ST. LOUIS, Mo. – I talked to a pediatrician who said the coming flu season could add troubling complications to what we’re already facing. Dr. Rachel Ors Orscheln, is a doctor who’s been working with schools on their re-opening plans. She’s also an associate professor of pediatrics in the division of pediatric infectious diseases at Washington University and St. Louis Children’s Hospital.
“We’re going to have to do what we can this year to try to keep safe and healthy. One way we can do that is by making sure all children are up to date on their vaccinations including influenza vaccine,” said Dr. Rachel Orscheln, MD — Associate Professor of Pediatrics, Infectious Diseases.
“We’re really going to hope the community takes this up to a large degree. This will really help to prevent an illness that really looks a lot like the novel coronavirus infection. For children, influenza can be an even more serious disease,” said Dr. Rachel Orscheln.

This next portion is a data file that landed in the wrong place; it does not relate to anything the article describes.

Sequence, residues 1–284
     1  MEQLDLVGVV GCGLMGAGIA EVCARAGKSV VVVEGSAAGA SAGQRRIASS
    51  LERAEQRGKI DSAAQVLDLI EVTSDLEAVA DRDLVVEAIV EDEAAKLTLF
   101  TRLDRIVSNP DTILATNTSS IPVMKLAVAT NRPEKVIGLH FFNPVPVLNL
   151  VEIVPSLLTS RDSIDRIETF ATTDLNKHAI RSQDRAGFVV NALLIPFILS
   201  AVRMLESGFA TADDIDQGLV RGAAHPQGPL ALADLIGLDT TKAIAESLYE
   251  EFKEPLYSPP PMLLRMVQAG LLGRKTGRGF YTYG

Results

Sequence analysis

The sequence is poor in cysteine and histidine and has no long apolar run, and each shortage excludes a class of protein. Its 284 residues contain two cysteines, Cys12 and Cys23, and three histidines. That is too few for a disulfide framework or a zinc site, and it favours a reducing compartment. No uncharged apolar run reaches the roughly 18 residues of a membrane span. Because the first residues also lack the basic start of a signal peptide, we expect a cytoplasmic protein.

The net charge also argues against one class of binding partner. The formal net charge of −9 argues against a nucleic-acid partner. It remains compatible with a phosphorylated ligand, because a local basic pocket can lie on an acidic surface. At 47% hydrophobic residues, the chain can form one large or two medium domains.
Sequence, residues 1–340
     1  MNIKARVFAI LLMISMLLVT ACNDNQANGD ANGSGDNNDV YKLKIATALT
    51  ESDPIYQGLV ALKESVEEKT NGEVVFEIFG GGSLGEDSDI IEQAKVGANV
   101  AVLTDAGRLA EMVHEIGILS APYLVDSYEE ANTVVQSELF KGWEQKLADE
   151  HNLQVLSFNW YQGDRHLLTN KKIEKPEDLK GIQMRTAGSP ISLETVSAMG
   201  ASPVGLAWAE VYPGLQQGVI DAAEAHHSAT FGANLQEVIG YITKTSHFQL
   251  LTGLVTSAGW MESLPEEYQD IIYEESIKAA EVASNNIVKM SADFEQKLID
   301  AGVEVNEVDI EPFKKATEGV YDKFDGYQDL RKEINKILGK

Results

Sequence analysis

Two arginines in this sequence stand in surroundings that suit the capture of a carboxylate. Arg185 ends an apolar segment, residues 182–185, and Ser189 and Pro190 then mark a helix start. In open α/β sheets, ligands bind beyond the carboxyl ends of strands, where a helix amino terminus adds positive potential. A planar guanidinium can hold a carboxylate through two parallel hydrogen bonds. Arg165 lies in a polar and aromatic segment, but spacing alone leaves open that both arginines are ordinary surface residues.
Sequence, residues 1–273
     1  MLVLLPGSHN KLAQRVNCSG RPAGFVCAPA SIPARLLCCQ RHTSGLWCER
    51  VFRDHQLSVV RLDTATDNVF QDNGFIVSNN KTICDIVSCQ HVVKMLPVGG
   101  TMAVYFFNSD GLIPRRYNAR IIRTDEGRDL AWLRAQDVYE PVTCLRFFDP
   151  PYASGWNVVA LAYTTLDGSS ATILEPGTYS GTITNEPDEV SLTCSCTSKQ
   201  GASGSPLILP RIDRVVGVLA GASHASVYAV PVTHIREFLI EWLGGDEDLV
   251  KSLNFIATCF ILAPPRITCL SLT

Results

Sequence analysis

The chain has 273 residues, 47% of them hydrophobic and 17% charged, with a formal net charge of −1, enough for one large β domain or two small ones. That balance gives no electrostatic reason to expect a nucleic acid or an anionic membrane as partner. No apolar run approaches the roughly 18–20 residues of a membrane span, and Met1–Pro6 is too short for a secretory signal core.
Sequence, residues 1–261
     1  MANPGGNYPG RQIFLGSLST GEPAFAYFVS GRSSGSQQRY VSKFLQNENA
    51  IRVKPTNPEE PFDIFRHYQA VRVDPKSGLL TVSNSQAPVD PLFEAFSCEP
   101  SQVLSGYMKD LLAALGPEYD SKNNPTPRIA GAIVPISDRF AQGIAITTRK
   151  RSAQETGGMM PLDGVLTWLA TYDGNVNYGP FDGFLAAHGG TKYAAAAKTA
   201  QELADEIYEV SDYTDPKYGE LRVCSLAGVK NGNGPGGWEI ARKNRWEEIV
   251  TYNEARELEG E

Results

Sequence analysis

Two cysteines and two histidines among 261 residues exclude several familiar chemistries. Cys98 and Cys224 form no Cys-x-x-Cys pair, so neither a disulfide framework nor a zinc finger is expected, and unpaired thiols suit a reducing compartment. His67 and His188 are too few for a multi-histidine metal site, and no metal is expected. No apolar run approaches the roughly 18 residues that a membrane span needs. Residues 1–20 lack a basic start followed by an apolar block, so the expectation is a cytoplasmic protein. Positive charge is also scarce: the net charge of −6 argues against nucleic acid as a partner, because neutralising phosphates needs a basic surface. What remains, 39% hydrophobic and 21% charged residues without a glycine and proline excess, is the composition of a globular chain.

“In other places in the world, such as Australia, where they are in their flu season right now, they have had larger numbers of patients take the influenza vaccine than previously. What we have seen potentially as a result of that is that they are seeing an extremely low influenza season so I would like for us to reproduce that here,” said Dr. Rachel Orscheln.
Interesting, is that in response to the coronavirus that Australia upped their vaccination rate?
“I do think many places have a push for the influenza vaccine because there’s so much overlap in terms of the symptoms. But also, that can help to preserve some of our hospital resources if we reduce the number of cases of influenza,” said Dr. Rachel Orscheln.